Our phones will be on Auto Attendant between 1:30 – 2:30 pm for training purposes and lunches.

Summer Hours: The office will be closing at 3:30 pm on Fridays beginning Memorial Day to Labor Day.

Prohibited Transactions

Published on July 11, 2018

As of early 2016, the average retirement savings of all American families was $95,776 —not enough to go very far during those retirement years. Of course, self-directed account holders understand that they have the potential to grow that figure more aggressively through investments in alternative assets, such as real estate. However, given this U.S. figure, it’s tempting for account holders to consider using personal funds along with the funds in a self-directed retirement plan to make those nontraditional investments.

It sounds tempting, yes … but it could be a prohibited transaction that benefits the IRA owner rather than benefiting the retirement account. According to Internal Revenue Code Sections 408 & 4975, a disqualified person is generally defined as the IRA holder, any of his or her ascendants or descendants, and any entity controlled by such persons. Disqualified persons are prohibited from engaging in certain types of transactions.

In 2015, an Arkansas court decided on a bankruptcy case, which concerned the legality of partnering with one’s retirement funds to make alternative asset investments. The court held that forming a partnership between a self-directed IRA and an entity owned by the IRA holder (and spouse) was a prohibited transaction. The case involved the Kellermans, spouses who each owned a 50 percent share in Panther Mountain Land Development, LLC. In order to acquire and develop a four-acre property, the company partnered with Mr. Kellerman’s self-directed IRA: the IRA contributed property and Panther Mountain contributed property and cash. Since the couple owned Panther Mountain personally, it became a case of self-dealing … and triggered a prohibited transaction under IRC 4975(c)(1)(D).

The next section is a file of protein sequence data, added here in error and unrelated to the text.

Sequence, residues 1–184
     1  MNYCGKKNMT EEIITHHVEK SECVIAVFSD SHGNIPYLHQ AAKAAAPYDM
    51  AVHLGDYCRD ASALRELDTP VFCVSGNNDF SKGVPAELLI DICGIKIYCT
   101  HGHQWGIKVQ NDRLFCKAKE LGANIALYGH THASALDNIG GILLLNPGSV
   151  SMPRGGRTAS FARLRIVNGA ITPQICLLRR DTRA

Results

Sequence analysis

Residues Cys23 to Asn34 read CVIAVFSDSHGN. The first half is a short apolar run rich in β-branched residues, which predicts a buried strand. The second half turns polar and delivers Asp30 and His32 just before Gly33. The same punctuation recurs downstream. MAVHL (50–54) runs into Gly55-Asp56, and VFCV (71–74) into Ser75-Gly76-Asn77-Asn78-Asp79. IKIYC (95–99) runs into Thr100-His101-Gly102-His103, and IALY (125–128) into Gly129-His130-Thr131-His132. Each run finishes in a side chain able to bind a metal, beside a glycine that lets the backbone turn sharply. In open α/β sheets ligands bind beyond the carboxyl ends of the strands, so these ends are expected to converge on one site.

know-the-rulesBy entering into a transaction with IRA funds that in some way directly or indirectly involves a disqualified person, the IRA owner must prove the transaction does not violate any prohibited transaction rules under IRC Section 4975, which can be difficult to satisfy, as the Kellermans found out. As the court stated, using assets of a self-directed IRA for the benefit of disqualified persons (in this case, their personally owned land development company) was a direct conflict of interest.

Of course, this was a very complicated case and every detail has not been hashed out within this article. It is also important to note that there are instances where an IRA account owner may partner with their own IRA or other disqualified parties IRAs and personal funds; however; there are many tests in order to determine if it is allowable and these partnerings must be structured and maintained in very specific ways.

At Next Generation Trust Services, our rigorous transaction review process is in place to help our clients become aware of when a transaction may be considered prohibited. Although combining self-directed retirement funds and personal funds on a transaction is not necessarily prohibited, it can be very risky and trigger the IRC Section 4975 prohibited transaction rules. If you are considering such a transaction, we advise that you consult an attorney that specializes in ERISA issues; and, as always, our helpful professionals are available to answer your questions about self-directed investments at Info@NextGenerationTrust.com or 1-888-857-8058.